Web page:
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Waste collection is a problem in Bhutan. Even with constant support from the government and the people of Japan, we are struggling.

But there is new hope with the Japanese trainers teaching waste handlers in Bhutan.

The waste managers were trained on the maintenance of equipment that JICA supported to the four thromdes, waste collection and landfill management techniques.

Is that enough, though? Support is appreciated, deeply. The problem is that there are systemic challenges to overcome. That’s why the initiative to teach the Bhutanese about waste equipment and waste itself is significant.

What we must know is that the people and the government of Japan are well aware that what they give to Bhutan is not being utilised properly.



Only very recently, the government and people of Japan gave Bhutan 28 compactor trucks, three dumper placers, two backhoe loaders, an excavator and a bulldozer, and 24 containers worth Nu 330 million to four thromdes to improve waste collection in the country.

The initiative is a part of the Project to improve solid waste management under the Grant Aid Project with the Japanese government. It is shameful that our friend from so far away has to teach us how to manage our waste.

Recently, when picnickers returned home on the Blessed Rainy Day, a large number of plastic waste, PET bottles, wrappers, and other non-biodegradable waste were left lying around in many popular picnic spots in the capital.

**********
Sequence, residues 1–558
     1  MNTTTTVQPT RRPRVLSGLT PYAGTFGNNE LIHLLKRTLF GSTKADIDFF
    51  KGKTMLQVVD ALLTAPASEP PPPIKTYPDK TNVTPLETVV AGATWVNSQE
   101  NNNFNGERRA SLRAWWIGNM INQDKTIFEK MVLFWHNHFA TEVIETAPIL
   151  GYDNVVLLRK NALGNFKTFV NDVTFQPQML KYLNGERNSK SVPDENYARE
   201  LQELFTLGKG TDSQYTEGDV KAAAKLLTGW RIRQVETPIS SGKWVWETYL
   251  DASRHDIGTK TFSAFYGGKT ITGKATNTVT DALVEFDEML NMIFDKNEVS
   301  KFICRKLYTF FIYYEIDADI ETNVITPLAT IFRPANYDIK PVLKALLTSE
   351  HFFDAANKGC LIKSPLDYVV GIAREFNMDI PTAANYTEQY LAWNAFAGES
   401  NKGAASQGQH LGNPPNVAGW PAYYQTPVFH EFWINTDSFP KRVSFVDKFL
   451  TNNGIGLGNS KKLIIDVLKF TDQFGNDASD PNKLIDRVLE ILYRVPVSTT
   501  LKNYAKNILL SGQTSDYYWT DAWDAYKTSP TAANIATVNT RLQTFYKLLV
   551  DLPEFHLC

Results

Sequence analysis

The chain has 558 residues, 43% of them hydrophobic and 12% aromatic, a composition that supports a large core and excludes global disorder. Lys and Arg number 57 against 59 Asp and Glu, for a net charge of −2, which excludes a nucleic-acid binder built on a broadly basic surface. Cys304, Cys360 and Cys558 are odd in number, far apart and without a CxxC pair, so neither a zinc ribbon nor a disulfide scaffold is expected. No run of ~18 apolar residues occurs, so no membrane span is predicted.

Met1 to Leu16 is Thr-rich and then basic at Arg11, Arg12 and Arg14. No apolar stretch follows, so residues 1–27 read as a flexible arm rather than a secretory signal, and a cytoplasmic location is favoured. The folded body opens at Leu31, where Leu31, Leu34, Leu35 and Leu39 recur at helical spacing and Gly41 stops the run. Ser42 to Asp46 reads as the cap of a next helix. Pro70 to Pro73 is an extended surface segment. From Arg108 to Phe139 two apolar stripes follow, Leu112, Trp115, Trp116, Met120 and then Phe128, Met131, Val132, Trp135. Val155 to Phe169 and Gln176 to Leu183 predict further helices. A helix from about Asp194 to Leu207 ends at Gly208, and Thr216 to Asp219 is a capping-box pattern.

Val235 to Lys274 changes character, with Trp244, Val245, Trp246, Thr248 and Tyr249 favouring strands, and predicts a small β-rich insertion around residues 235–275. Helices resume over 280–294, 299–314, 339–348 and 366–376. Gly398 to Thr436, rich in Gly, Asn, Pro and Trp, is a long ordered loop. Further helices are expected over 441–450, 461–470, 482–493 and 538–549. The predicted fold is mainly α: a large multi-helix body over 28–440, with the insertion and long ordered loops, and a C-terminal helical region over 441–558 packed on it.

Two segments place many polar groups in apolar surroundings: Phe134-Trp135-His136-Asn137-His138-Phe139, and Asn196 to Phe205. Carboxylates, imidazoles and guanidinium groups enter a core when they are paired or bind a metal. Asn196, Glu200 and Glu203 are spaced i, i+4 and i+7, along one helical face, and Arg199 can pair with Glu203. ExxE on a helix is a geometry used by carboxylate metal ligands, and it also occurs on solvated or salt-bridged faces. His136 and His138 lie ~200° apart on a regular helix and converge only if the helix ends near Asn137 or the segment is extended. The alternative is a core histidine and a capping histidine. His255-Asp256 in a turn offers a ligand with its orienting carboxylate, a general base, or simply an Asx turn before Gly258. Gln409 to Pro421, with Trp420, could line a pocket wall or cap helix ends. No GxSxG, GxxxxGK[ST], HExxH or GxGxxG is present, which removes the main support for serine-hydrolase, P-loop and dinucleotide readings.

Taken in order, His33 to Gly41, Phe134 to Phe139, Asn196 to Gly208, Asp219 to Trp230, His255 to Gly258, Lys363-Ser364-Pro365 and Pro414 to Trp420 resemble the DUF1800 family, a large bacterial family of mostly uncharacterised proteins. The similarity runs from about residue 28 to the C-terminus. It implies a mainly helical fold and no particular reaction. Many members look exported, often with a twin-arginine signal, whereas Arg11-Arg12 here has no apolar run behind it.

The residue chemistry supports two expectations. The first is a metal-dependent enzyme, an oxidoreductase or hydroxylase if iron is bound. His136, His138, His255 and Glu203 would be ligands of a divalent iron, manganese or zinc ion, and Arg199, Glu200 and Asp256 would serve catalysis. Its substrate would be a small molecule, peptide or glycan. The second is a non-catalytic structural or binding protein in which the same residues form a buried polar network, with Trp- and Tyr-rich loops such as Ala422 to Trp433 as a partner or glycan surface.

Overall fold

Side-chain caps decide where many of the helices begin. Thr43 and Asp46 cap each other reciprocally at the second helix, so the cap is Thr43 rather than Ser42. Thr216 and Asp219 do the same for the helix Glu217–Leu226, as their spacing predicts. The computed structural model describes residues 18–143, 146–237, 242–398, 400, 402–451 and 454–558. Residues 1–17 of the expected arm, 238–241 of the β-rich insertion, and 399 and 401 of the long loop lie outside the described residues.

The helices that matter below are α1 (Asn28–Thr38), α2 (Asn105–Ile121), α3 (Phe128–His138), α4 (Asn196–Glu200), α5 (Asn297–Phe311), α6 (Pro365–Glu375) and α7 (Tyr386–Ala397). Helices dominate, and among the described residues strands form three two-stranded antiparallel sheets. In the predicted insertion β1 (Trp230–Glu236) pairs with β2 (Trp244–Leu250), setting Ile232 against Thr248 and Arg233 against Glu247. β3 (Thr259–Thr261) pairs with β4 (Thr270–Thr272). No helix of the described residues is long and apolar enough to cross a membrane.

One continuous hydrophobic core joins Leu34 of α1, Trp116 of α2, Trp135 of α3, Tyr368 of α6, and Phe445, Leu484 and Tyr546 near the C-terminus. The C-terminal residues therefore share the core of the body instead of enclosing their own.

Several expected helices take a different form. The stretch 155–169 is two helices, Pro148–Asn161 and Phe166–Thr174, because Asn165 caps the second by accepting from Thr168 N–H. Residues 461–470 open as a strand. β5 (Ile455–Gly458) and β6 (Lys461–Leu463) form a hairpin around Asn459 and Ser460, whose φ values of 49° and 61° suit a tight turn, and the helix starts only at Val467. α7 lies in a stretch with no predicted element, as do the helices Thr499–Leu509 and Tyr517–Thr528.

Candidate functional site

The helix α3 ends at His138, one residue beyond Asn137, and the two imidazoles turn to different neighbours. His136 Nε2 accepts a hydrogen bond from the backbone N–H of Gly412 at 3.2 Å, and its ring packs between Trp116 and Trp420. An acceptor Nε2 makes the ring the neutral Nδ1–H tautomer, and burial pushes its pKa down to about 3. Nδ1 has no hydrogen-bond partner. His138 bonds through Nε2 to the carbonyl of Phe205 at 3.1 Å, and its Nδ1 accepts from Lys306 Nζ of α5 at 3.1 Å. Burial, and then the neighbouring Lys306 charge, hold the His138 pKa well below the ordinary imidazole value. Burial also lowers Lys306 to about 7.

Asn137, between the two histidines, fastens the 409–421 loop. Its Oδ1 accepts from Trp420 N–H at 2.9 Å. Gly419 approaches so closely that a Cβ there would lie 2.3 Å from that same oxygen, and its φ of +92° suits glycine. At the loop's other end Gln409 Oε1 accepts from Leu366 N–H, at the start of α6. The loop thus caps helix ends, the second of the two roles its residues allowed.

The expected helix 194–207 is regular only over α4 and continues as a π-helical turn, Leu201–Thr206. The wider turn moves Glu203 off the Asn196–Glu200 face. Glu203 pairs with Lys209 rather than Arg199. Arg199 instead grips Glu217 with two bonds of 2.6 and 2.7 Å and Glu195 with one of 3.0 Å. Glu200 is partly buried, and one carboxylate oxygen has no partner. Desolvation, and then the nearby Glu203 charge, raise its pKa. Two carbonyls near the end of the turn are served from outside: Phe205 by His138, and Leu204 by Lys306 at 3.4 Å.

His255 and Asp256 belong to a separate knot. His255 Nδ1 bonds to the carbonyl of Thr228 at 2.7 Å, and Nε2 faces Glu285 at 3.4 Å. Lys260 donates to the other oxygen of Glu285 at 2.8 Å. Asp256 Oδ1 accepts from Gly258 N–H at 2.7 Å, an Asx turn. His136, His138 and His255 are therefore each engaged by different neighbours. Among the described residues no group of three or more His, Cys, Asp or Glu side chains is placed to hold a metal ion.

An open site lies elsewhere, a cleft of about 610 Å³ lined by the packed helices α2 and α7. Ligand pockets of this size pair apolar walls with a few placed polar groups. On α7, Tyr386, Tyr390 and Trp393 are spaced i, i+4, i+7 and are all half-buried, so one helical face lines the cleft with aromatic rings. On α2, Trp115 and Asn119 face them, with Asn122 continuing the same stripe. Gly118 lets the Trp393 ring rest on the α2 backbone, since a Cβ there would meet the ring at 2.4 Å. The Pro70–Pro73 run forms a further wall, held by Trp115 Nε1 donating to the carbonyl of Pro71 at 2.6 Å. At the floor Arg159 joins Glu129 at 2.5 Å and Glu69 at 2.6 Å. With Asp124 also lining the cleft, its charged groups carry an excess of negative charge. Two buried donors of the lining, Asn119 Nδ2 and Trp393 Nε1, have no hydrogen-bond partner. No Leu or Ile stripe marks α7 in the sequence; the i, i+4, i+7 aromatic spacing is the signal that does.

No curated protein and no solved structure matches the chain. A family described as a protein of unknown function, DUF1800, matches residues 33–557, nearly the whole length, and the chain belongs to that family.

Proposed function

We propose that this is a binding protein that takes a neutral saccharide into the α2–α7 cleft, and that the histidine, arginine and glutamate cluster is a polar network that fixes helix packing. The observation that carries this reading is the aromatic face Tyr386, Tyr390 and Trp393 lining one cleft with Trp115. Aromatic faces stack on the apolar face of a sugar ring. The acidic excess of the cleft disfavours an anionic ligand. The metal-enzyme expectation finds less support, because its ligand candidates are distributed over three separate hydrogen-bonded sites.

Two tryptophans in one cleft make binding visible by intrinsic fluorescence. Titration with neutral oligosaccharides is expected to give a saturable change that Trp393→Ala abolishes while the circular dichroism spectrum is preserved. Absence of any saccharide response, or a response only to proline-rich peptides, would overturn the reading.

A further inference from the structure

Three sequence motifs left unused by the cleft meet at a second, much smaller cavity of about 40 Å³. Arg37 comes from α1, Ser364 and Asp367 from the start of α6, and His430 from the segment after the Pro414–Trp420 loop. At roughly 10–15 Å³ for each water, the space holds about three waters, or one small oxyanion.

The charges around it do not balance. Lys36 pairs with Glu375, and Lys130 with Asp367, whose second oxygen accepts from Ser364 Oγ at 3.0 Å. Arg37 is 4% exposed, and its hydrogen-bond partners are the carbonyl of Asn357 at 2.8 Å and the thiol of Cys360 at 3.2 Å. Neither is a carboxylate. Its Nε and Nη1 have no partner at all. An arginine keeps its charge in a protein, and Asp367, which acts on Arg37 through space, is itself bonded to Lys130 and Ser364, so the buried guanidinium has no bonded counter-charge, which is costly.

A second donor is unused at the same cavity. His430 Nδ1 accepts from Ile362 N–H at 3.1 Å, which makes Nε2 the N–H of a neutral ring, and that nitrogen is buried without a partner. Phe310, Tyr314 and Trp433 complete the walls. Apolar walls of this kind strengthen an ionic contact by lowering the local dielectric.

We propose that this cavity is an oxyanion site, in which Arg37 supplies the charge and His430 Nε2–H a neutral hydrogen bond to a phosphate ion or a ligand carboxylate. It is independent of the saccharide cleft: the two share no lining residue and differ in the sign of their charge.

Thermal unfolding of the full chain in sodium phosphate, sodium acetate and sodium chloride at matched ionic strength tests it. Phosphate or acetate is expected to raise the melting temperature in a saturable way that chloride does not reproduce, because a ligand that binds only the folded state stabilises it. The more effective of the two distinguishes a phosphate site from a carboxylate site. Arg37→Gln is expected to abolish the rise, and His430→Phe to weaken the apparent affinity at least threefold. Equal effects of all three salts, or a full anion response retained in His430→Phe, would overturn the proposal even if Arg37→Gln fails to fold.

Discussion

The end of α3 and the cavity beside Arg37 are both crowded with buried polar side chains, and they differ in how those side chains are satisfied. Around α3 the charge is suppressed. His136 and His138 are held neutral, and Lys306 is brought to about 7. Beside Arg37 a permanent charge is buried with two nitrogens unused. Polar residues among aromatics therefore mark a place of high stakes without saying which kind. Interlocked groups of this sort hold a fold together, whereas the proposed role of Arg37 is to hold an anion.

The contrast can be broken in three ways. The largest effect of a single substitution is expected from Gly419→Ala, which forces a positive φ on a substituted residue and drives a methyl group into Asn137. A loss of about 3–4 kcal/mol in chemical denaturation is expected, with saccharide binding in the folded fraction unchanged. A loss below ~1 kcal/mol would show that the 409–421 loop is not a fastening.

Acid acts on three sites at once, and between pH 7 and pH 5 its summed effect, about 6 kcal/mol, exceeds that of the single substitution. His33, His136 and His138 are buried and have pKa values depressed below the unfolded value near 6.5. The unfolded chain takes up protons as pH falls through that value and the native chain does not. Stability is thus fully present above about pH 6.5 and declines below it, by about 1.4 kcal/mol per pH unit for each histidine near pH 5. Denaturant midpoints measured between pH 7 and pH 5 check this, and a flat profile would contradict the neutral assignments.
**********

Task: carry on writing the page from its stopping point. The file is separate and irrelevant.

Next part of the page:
As a country widely known for environmental conservation, not being able to manage our waste is an anathema that should pain us to the deepest core.

There was a self-appointed waste captain, not so long ago, who used to walk around with a stick in his hands. That was when Bhutan was just opening up to international tourists. What the late Tsilyon Chogyel did back then is something that the thromdes need to keep up with.



Waste is our own problem. We need to solve it. It’s about discipline. And, we all know that discipline is a culture that must be inculcated.

It is upon the thromdes to work out an efficient system of management of waste. The trompons of the big town must lead with examples. Mayoralty is not about the position; it is about responsibility.

A good city is a good city because it is a clean city. At a time when Bhutan is opening in a new way, cities will define what truly Bhutan is.

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